They never stood up again, and that is why so many in our country were deceived into believing there was justification for invading Iraq. If any of the network news anchors alone had insisted on reporting the truth, the invasion couldn't have happened, but all of them were cowed. They hid behind the excuse that the opposition party didn't object so there weren't any objections to report. Perhaps they had private misgivings, but probably not. You can't supplicate for two decades and still really care.

Indeed, what Jennings, Brokaw and Rather did borders on treason. If you think that's ridiculous hyperbole, consider what has happened to our country over the past quarter-century. An honest history of that time would illuminate the unconscionable interventions in Grenada, Beirut, Panama, Nicaragua and El Salvador; the instigation of the first Gulf War; the giveaways to the agriculture, telecommunications, energy, insurance and pharmaceutical industries; the purchase of our political system by special interests ... the wide spread degradation of our once-great nation.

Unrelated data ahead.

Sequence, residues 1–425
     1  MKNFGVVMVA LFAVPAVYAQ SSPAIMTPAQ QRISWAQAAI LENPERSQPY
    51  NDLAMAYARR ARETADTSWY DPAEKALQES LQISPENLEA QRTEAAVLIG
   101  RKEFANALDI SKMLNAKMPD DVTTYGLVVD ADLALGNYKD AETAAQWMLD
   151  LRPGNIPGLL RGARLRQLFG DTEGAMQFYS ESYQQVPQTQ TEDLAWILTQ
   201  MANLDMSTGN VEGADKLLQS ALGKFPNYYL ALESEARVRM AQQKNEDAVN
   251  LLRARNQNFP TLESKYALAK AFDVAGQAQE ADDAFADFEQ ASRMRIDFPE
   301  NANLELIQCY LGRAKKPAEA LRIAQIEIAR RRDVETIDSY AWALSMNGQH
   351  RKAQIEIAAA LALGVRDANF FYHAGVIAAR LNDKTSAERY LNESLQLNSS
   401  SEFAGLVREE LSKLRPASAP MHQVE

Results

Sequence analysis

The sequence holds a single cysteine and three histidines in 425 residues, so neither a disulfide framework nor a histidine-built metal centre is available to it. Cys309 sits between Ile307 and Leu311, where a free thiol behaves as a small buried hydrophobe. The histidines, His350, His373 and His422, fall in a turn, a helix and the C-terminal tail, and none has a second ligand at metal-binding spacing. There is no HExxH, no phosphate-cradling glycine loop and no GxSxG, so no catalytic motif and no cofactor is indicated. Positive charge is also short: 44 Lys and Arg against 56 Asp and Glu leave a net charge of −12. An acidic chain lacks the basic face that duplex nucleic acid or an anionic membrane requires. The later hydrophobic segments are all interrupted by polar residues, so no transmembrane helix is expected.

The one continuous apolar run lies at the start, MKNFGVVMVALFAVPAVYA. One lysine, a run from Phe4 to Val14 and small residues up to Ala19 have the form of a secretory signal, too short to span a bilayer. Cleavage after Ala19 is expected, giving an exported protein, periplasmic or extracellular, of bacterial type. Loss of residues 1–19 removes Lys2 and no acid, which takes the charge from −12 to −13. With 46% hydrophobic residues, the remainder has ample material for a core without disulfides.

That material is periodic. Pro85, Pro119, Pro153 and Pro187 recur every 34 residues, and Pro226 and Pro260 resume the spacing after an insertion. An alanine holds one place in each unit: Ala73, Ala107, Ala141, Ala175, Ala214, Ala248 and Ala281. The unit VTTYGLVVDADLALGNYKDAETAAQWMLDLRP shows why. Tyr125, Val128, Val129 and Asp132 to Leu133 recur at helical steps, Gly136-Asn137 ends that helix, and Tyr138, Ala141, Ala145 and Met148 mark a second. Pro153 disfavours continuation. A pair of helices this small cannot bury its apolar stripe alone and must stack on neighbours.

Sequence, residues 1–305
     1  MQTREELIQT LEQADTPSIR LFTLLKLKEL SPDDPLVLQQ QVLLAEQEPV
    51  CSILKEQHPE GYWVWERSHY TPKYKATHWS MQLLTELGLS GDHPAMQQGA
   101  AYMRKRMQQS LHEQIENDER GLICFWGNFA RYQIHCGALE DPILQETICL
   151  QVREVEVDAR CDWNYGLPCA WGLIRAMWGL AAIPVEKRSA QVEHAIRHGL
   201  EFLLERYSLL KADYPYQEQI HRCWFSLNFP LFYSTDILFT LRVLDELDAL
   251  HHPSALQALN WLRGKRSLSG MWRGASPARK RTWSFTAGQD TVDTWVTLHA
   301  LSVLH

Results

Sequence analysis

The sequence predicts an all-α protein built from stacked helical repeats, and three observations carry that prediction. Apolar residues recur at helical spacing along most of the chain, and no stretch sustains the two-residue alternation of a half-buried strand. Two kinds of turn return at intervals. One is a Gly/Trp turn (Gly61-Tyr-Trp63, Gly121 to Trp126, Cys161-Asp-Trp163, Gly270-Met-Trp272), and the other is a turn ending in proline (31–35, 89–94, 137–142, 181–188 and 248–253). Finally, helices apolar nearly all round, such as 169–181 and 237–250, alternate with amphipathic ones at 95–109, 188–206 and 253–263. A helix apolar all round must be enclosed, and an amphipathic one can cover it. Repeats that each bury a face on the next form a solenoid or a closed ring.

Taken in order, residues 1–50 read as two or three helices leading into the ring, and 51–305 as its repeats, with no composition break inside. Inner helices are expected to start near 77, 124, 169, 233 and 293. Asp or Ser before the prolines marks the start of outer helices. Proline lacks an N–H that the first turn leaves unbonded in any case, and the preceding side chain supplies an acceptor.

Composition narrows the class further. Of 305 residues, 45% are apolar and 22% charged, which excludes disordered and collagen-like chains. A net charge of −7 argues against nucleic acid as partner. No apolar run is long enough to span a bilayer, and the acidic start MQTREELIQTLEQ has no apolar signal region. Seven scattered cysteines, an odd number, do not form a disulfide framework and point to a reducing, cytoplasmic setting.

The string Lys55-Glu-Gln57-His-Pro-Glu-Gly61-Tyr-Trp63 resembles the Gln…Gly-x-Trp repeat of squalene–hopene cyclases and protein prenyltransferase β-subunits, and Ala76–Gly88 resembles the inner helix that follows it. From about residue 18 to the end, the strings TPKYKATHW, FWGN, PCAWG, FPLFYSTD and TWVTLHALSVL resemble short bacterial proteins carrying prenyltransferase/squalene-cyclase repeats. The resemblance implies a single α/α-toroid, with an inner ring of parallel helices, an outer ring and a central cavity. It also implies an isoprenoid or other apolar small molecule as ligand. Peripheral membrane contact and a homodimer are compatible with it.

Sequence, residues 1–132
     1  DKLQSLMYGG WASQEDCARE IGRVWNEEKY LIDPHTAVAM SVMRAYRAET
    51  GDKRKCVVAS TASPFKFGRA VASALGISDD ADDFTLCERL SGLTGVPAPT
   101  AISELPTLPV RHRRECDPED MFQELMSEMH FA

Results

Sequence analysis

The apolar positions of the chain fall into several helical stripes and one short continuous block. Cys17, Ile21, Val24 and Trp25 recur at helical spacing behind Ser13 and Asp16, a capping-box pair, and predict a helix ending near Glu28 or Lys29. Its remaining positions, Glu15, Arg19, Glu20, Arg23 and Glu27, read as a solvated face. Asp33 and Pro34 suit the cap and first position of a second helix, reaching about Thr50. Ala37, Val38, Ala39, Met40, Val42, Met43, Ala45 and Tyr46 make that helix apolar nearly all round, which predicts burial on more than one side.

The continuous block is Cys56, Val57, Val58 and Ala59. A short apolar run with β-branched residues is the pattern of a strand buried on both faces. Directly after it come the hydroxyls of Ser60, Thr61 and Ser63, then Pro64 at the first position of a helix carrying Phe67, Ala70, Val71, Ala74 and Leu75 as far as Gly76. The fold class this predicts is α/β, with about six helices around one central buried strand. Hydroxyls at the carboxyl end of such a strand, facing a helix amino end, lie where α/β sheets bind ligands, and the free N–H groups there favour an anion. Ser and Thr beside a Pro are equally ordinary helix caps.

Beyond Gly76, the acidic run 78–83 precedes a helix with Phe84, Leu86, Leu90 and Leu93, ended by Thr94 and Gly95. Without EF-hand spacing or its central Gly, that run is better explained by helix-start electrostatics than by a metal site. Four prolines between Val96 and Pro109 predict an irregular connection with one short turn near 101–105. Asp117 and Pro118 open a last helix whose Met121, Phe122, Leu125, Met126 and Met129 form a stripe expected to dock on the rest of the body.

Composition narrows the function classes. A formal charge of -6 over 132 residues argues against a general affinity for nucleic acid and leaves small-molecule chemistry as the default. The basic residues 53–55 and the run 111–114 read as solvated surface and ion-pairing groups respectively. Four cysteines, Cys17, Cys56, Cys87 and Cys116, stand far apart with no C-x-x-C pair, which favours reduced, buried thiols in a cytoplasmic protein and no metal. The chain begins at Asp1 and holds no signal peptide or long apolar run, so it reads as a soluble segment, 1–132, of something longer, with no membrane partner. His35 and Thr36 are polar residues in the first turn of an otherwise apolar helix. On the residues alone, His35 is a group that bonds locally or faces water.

And the fault lies squarely on the shoulders not just of politicians, but also of the media that allowed their lies to spread like a thick coating of manure over an undiscerning public. These purported news anchors were the color commentators as the naked emperor paraded his perversion through the corridors of power.

I worked with Peter Jennings during the 1970s, writing his copy when he anchored the news on "AM America" and producing news coverage when he was an anchor on "World News Tonight." He was a decent-enough fellow, though completely taken with himself. He could work very hard, strive for the finest in reportage but at times he was officious and other times lazy.